Canton of Basel

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Canton of Basel
Kanton Basel
Canton of the Old Swiss Confederacy, of the Helvetic Republic and of Restoration Switzerland
Bishopric of Basel
1501–1833 Basel-Country

Coat of arms of Basel, Canton

Coat of arms

Location of Basel, Canton
The canton of Basel, shown within the northern part of the Helvetic Republic, as at 1802; the canton of Fricktal (adjacent) joined the Aargau later that year.
Capital Basel
 •  established 1501
 •  Peace of Westphalia 15 May 1648
 •  Rauracian Republic 1792–93
 •  Helvetic Republic 1798–1802
 •  Partition into half-cantons 16 August 1833

Basel was a canton of Switzerland that was in existence between 1501 and 1833, when it was split into the two half-cantons of Basel-City and Basel-Country.[1]


The Prince-Bishopric of Basel in the 16th century

Before the Protestant Reformation, Basel was ruled by prince-bishops (see Bishop of Basel, whose memory is preserved in the crosier shown on the Basel coat of arms, as above). In the later 15th century, in the wake of the Council of Basel (1431–49), the city of Basel grew in wealth and importance. The University of Basel was established in 1459, and the city became an intellectual center of the German Renaissance in the years leading up to the Reformation. Erasmus of Rotterdam taught in Basel, and early printshops were set up by Johannes Petri and Johann Froben. In 1495, Basel was incorporated in the Upper Rhenish Imperial Circle, the bishop sitting on the Bench of the Ecclesiastical Princes.


As a direct consequence of the Swabian War, resolved by the 1499 Treaty of Basel, Basel and the Imperial City of Schaffhausen joined the Swiss Confederation in 1501, as the confederacy's 11th and 12th states, with Appenzell following suit 12 years later to complete the Dreizehn Orte that made up Switzerland until the French Revolutionary Wars.

The canton of Basel seceded from the prince-bishopric, and the secular rule of the bishops of Basel from this time was limited to territories west of Basel, more or less corresponding to the modern canton of Jura. Even though the bishops of Basel no longer held secular authority over the city of Basel, they continued to reside in the city until the Protestant Reformation.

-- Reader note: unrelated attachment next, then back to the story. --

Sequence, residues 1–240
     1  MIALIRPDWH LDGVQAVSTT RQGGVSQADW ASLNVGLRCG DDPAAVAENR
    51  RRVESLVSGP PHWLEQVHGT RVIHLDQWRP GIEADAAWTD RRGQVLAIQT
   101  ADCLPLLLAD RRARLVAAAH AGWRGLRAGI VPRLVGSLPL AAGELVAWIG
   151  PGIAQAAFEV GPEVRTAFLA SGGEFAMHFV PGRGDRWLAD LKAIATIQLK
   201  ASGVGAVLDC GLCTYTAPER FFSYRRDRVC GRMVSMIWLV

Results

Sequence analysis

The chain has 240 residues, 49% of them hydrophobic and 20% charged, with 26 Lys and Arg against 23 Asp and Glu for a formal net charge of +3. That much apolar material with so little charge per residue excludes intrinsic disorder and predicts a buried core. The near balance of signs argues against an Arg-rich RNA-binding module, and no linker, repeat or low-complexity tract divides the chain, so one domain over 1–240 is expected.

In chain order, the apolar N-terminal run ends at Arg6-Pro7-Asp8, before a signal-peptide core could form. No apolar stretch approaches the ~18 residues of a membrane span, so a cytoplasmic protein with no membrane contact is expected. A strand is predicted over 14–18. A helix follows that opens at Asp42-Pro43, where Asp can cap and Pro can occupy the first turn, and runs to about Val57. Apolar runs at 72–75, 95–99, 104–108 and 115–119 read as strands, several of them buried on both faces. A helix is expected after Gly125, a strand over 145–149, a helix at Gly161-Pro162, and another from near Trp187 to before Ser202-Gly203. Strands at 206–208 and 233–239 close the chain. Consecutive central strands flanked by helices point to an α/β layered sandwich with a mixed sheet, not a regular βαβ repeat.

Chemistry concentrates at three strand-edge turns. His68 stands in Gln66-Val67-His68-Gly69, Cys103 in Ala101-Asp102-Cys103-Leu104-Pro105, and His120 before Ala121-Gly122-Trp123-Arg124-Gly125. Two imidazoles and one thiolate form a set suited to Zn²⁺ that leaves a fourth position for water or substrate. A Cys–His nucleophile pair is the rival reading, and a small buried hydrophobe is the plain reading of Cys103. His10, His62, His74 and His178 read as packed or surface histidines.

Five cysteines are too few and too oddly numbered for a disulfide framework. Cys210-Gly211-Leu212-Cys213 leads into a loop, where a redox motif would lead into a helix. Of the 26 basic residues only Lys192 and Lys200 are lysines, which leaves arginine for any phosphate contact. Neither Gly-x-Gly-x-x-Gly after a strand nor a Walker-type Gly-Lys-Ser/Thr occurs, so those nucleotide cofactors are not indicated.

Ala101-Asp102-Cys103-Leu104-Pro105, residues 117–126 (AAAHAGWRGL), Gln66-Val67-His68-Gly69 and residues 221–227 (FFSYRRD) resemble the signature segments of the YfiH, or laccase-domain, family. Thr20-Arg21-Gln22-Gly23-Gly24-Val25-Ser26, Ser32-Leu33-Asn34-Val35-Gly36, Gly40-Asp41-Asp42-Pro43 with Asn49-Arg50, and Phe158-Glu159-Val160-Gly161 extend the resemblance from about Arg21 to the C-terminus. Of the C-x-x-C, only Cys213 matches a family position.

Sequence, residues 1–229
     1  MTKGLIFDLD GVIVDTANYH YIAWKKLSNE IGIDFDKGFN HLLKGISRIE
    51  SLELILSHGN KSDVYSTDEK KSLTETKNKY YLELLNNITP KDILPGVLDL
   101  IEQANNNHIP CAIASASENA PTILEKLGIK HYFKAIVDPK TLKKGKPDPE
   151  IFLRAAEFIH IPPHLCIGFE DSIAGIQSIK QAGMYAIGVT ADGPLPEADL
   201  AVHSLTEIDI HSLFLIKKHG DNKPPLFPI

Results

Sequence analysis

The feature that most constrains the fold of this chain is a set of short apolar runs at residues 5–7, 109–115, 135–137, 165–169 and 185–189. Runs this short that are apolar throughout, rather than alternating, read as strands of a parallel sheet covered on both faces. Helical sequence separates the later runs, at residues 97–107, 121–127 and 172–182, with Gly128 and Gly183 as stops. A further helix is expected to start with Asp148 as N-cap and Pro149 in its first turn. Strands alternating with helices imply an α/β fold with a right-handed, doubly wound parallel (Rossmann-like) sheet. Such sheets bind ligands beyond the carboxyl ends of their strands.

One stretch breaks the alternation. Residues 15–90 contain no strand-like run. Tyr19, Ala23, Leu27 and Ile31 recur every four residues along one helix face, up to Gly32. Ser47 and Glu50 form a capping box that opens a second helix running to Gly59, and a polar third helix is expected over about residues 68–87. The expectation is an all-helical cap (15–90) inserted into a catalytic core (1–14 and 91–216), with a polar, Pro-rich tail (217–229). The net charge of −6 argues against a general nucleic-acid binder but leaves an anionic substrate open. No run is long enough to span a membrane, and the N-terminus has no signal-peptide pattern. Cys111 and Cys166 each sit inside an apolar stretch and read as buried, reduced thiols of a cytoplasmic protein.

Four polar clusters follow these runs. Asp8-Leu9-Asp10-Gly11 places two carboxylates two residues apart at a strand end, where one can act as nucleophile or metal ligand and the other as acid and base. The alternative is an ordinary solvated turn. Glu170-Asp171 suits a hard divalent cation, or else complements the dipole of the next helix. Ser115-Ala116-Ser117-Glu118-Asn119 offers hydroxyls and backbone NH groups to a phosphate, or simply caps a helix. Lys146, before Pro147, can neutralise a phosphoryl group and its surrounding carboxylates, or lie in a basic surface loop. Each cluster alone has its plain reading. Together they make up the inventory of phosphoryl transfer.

In 1503, the new bishop Christoph von Utenheim refused to give Basel a new constitution whereupon, to show its power, the city began the construction of a new city hall.[2] The reformation was brought to Basel by Johannes Oecolampadius cathedral preacher under von Utenheim and co-editor of Erasmus' first edition of the Greek New Testament. Von Utenheim resigned on 19 February 1527. He was succeeded by Philippe von Gundelsheim, canon at Basel Münster since 1510.

In 1529, the city became Protestant under Oecolampadius and the bishop's seat was moved to Porrentruy. In 1530, Laufental rebelled against the bishop, but were suppressed using forces from Solothurn. Because of insolvency, the prince-bishopric grew increasingly dependent on the city of Basel, with the city granting him a mortgage on Birseck Castle in 1542, 1544, and 1545. In 1547, the bishop formally agreed to allow the city to choose its own religion, recognizing that the city had already become Protestant.[3]

The Basel patriciate ("Daig") now played a pivotal role in city affairs as they gradually established themselves as a de facto city aristocracy. The Bernoulli family, which included important 17th- and 18th-century mathematicians such as Jakob Bernoulli, Johann Bernoulli and Daniel Bernoulli, were from Basel. The 18th-century mathematician Leonhard Euler was born in Basel and studied under Johann Bernoulli.

Intended as a defence of Huguenots then persecuted in France, Calvin's Institutes, authored in Basel, was a 1536 exposition of Protestant Christian doctrine which later became known as Calvinism.

Map of Basel in 1642, engraved by Matthäus Merian, oriented with SW at the top and NE at the bottom.

The first edition of Christianae religionis institutio (Institutes of the Christian ReligionJohn Calvin's great exposition of Calvinist doctrine) was published at Basel in March 1536.[4] In 1543, De humani corporis fabrica, the first book on human anatomy, was published and printed in Basel by Andreas Vesalius (1514–1564).[5]

The 1648 Peace of Westphalia finally brought about Imperial recognition of the independence of the Swiss cantons, removing the de jure (but not de facto) overlordship of the Holy Roman Empire rejected by the then–Prince-Bishopric nearly 150 years earlier.